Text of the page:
Microphones

  • Rode’s VideoMic Me is a great, affordable microphone for iOS devices and newer Android devices. This is great if you are filming someone where wiring speakers up with a mic doesn’t make sense. You can get one for under $75.
  • If you can wire someone with a mic, this cheap lav mic option will give you better sound. Plus, it has a switch that allows it work with both smartphones and normal cameras and camcorders.

Lights

  • A cheap umbrella set ($60) or LED light set ($125) are great places to start because you’ll have almost all your lighting needs covered in a single package.
  • A ring light is a versatile and easy to use option. You just position the camera to shoot through the opening and you’re good to go. You can get one of these for less than $75.

Editing

Free software is great and certainly budget conscious, but if you’re ambitious about what you’d like to do with video, it might be time for an upgrade. If you want eventually to move to Premier, the industry standard, but can’t afford it yet, Premiere Elements is a good place to start, and it’s definitely within budget at $80.

Ready to invest: <$1,500 budget

Here are our recommendations for a slightly bigger budget.

Cameras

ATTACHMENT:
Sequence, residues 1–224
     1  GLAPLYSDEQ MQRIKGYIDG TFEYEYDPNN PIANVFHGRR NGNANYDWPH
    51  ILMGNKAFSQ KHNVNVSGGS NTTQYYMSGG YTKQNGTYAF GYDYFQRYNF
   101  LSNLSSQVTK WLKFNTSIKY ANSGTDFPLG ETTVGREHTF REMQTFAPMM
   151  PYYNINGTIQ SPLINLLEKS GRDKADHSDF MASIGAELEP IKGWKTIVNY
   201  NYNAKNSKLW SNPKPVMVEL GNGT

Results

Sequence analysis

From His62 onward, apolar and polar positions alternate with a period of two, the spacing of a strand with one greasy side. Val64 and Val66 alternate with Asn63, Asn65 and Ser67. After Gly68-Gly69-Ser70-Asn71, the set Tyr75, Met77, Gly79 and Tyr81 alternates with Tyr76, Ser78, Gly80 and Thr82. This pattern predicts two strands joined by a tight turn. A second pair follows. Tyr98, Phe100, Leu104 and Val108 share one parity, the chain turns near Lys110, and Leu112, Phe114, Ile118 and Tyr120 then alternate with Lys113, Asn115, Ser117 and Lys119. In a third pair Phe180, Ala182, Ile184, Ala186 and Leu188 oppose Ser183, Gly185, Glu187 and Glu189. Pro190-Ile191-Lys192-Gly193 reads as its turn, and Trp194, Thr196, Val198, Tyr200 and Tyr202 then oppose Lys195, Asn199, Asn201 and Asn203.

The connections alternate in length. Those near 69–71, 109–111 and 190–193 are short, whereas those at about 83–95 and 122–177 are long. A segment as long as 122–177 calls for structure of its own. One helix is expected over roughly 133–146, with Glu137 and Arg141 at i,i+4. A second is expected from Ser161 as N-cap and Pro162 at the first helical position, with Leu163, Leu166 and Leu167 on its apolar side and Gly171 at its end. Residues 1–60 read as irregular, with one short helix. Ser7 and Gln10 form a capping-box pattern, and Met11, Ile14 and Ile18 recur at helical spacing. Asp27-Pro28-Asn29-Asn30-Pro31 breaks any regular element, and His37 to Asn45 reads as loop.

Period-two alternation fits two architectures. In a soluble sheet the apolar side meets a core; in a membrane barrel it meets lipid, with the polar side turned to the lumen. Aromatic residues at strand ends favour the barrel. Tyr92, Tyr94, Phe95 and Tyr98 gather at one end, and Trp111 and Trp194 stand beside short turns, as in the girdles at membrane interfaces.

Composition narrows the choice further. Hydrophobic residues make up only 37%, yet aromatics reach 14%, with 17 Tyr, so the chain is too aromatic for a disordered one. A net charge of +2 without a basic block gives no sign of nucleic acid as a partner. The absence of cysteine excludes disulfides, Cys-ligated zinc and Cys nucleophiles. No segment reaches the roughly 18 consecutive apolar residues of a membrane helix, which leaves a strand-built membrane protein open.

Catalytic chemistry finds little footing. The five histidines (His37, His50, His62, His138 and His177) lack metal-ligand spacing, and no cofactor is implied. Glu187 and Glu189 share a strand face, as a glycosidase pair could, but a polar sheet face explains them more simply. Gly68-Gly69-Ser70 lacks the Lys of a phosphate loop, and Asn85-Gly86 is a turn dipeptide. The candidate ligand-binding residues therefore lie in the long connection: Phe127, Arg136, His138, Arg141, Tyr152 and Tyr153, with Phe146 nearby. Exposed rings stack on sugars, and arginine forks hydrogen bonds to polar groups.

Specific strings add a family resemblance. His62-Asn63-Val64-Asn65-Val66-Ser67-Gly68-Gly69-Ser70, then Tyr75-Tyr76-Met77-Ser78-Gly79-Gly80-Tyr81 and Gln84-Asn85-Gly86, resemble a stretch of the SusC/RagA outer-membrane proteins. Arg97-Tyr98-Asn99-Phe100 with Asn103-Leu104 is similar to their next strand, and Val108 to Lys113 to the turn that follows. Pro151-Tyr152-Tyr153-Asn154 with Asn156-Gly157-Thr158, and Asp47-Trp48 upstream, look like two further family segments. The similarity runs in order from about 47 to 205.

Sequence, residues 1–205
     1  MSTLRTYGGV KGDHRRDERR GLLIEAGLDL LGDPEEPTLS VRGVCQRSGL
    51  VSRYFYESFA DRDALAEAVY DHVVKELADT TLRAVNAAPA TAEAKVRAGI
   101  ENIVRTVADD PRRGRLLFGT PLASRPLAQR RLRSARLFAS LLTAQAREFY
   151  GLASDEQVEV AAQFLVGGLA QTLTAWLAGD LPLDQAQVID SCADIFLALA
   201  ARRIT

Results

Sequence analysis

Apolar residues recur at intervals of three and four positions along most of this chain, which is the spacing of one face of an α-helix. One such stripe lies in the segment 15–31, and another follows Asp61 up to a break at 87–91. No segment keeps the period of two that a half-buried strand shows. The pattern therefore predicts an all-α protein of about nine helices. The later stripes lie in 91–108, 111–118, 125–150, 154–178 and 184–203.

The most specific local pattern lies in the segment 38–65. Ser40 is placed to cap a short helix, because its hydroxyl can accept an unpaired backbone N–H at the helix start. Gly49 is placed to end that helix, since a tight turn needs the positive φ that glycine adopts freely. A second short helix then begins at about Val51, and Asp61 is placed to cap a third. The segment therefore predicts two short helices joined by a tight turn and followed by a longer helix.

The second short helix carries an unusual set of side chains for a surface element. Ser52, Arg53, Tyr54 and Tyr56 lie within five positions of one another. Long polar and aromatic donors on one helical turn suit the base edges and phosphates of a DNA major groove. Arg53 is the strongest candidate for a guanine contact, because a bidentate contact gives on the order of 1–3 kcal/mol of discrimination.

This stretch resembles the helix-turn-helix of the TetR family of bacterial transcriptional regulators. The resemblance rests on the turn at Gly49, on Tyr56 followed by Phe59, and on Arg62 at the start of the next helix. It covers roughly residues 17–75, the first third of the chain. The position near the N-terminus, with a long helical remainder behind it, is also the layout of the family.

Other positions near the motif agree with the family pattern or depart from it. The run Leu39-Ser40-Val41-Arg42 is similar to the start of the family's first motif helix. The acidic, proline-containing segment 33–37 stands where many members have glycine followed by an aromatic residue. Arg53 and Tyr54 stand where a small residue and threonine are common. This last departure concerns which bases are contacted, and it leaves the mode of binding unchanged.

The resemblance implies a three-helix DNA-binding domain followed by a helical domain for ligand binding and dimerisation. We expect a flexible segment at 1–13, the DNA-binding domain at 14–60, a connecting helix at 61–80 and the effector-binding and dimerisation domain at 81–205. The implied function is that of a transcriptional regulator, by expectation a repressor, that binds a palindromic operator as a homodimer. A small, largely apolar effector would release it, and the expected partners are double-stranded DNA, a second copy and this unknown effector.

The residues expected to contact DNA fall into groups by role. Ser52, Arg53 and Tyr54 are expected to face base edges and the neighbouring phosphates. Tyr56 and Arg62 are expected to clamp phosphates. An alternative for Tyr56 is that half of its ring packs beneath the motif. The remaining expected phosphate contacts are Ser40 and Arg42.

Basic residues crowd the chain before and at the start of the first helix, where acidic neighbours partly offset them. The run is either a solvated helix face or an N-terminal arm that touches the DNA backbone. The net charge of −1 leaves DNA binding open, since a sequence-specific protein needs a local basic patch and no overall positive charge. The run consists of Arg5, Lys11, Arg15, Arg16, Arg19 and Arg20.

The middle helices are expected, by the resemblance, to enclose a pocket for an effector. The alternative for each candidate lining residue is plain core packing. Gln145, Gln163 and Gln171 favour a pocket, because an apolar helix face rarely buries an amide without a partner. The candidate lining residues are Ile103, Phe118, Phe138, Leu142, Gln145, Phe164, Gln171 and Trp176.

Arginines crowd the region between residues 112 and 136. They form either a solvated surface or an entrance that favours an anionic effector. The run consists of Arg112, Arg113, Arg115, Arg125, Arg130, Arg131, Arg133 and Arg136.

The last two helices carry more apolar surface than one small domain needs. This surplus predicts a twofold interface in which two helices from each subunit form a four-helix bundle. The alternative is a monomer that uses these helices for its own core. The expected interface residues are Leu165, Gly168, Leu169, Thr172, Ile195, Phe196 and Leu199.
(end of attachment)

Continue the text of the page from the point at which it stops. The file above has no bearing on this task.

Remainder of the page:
• The most commonly used in this price range is probably the Canon Rebel series. Coming in under $800, it leaves you lots of budget for more toys.
  • Another option, especially if you do a lot of impromptu video or if you travel is one of Sony’s mirrorless cameras, like the Alpha a6000. You get excellent performance, and the smaller size makes them super portable.

Tripods

The same Manfrotto Befree Tripod mentioned above is still great for this level, but now you don’t need an adapter because it mounts to the camera’s tripod mount with no problem. For a little more, you can get the video version that will let you pan smoothly to add motion to your b-roll shots.

Microphones

  • The Rode Video Mic Go is a very common way to add much better quality audio to camera than the built-in microphone. Get this one for around $100.